Use virtual network appliances:

Network security groups and user-defined routing can provide a certain measure of network security at the network and transport layers of the OSI model. But in some situations, you want or need to enable security at high levels of the stack. In such situations, we recommend that you deploy virtual network security appliances provided by Azure partners.


Azure network security appliances can deliver better security than what network-level controls provide. Network security capabilities of virtual network security appliances include:

  • Firewall

  • Intrusion detection/intrusion prevention

  • Vulnerability management

  • Application control

  • Network-based anomaly detection

  • Web filtering

  • Antivirus

  • Botnet protection


Adopt a Zero Trust approach

Perimeter-based networks operate on the assumption that all systems within a network can be trusted. But today’s employees access their organization’s resources from anywhere on a variety of devices and apps, which makes perimeter security controls irrelevant. Access control policies that focus only on who can access a resource are not enough. To master the balance between security and productivity, security admins also need to factor in how a resource is being accessed.


Zero Trust is the next evolution in network security. The state of cyberattacks drives organizations to take the “assume breach” mindset, but this approach shouldn’t be limiting. Zero Trust networks protect corporate data and resources while ensuring that organizations can build a modern workplace by using technologies that empower employees to be productive anytime, anywhere, in any way.


Lock down and secure VM and computer operating systems

In most IaaS scenarios, Azure virtual machines are the main workload for organizations that use cloud computing. This fact is evident in hybrid scenarios where organizations want to slowly migrate workloads to the cloud.


Cyberthreats are evolving. Safeguarding your VMs requires a monitoring capability that can quickly detect threats, prevent unauthorized access to your resources, trigger alerts, and reduce false positives.


To monitor the security posture of your Windows and Linux VMs, use Azure Security Center. In Security Center, safeguard your VMs by taking advantage of the following capabilities:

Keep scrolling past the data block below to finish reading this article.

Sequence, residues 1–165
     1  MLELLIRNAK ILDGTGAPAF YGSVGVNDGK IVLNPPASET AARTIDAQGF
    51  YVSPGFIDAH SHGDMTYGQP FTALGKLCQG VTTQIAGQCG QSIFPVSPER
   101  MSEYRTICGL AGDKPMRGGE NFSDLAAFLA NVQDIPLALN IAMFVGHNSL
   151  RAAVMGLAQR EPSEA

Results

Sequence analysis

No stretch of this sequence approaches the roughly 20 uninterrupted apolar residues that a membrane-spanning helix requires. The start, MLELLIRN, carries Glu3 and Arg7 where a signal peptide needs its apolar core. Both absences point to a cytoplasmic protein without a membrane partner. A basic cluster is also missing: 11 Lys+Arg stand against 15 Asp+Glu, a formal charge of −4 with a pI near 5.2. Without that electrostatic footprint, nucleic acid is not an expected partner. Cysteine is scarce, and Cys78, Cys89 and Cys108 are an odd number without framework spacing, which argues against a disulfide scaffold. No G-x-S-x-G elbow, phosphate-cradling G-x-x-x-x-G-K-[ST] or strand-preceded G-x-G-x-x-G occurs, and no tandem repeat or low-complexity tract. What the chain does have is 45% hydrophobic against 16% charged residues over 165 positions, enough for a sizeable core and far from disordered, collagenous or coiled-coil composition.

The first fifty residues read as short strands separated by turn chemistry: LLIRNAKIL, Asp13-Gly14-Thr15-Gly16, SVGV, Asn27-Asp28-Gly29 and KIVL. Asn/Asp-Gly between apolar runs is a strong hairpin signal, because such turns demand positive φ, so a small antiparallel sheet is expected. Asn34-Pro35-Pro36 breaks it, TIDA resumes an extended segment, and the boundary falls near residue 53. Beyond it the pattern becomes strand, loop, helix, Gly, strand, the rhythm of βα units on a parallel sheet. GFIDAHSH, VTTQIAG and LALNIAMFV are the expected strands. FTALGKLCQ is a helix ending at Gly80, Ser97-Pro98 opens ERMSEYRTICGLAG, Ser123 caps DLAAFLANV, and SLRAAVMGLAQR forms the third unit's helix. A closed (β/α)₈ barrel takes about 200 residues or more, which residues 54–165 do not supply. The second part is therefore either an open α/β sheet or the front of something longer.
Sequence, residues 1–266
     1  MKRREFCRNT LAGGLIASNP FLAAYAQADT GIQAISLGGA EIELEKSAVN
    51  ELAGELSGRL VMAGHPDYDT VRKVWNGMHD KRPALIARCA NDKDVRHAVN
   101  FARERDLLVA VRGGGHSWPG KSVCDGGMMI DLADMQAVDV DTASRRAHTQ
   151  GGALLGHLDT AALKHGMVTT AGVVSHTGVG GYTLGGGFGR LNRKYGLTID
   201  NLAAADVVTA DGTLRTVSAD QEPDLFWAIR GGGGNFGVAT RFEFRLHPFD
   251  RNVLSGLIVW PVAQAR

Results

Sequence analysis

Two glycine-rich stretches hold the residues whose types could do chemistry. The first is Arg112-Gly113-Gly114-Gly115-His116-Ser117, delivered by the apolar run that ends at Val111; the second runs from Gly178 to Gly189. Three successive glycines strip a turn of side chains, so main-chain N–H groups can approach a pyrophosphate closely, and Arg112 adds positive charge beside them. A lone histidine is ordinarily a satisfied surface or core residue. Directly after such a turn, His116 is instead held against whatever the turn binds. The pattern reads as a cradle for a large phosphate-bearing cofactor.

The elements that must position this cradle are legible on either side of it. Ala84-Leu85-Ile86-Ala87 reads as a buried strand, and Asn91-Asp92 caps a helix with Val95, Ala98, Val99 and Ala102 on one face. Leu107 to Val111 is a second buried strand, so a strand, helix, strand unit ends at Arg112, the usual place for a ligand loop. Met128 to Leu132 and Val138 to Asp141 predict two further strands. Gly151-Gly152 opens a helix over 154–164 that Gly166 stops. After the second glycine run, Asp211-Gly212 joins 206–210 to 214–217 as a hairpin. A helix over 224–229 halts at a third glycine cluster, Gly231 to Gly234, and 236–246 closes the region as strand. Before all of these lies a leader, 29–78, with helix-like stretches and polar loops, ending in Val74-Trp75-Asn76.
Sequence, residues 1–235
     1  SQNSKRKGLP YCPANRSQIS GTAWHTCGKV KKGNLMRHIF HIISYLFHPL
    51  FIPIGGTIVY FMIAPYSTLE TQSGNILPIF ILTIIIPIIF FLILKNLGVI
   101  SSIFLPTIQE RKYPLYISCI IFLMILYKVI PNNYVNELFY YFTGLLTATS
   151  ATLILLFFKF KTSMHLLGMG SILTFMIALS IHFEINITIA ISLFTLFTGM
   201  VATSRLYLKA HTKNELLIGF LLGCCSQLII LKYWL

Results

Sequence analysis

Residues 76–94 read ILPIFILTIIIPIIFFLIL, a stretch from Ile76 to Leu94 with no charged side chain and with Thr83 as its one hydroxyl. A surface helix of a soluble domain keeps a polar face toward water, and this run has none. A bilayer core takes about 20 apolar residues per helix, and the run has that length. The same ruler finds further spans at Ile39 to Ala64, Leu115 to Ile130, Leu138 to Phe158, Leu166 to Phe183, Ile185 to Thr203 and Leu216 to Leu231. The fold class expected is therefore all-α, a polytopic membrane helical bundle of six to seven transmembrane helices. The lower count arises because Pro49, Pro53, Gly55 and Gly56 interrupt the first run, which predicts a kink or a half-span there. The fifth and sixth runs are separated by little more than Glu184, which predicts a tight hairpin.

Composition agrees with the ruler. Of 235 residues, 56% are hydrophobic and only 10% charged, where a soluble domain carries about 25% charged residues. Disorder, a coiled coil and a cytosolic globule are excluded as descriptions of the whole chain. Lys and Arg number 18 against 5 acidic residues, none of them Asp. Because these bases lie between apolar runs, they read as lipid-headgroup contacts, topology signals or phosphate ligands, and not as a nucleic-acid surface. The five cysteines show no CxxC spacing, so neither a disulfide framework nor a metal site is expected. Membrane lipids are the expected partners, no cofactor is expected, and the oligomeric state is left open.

• Apply OS security settings with recommended configuration rules.

  • Identify and download system security and critical updates that might be missing.

  • Deploy recommendations for endpoint antimalware protection.

  • Validate disk encryption.

  • Assess and remediate vulnerabilities.

  • Detect threats.


Security Center can actively monitor for threats, and potential threats are exposed in security alerts. Correlated threats are aggregated in a single view called a security incident.


Security Center stores data in Azure Log Analytics. Log Analytics provides a query language and analytics engine that gives you insights into the operation of your applications and resources. Data is also collected from Azure Monitor, management solutions, and agents installed on virtual machines in the cloud or on-premises. This shared functionality helps you form a complete picture of your environment.


Organizations that don't enforce strong security for their VMs remain unaware of potential attempts by unauthorized users to circumvent security controls.


  • Monitor VM Performance.

  • Encrypt your virtual HDD.

  • Restrict direct internet connectivity.

  • Choose key management solution.

  • Secure database.

  • Enable database authentication.

  • Secure deployment by using proven DevOps tools (Infrastructure-as-a-code).


Install a Web Application Firewall

Web applications are increasingly targets of malicious attacks that exploit common known vulnerabilities. Common among these exploits are SQL injection attacks, cross site scripting attacks to name a few. Preventing such attacks in application code can be challenging and may require rigorous maintenance, patching and monitoring at many layers of the application topology. A centralized web application firewall helps make security management much simpler and gives better assurance to application administrators against threats or intrusions. A WAF solution can also react to a security threat faster by patching a known vulnerability at a central location versus securing each of individual web applications. Existing application gateways can be converted to a web application firewall enabled application gateway easily.


Web application firewall (WAF) is a feature of Application Gateway that provides centralized protection of your web applications from common exploits and vulnerabilities.


Perform security penetration testing

Validating security defenses is as important as testing any other functionality. Make penetration testing a standard part of your build and deployment process. Schedule regular security tests and vulnerability scanning on deployed applications, and monitor for open ports, endpoints, and attacks.


Next Steps:

It is very important for any organization to have a regular check on the IT infrastructure whether on-premise or cloud. Regular audit is also necessary to avoid any cyber-attacks.


We are Super Infomatics can help you audit your IT infrastructure and help you implement what security is necessary for your organization. Please email us or call us for further one to one discussion.



Thank You!

JG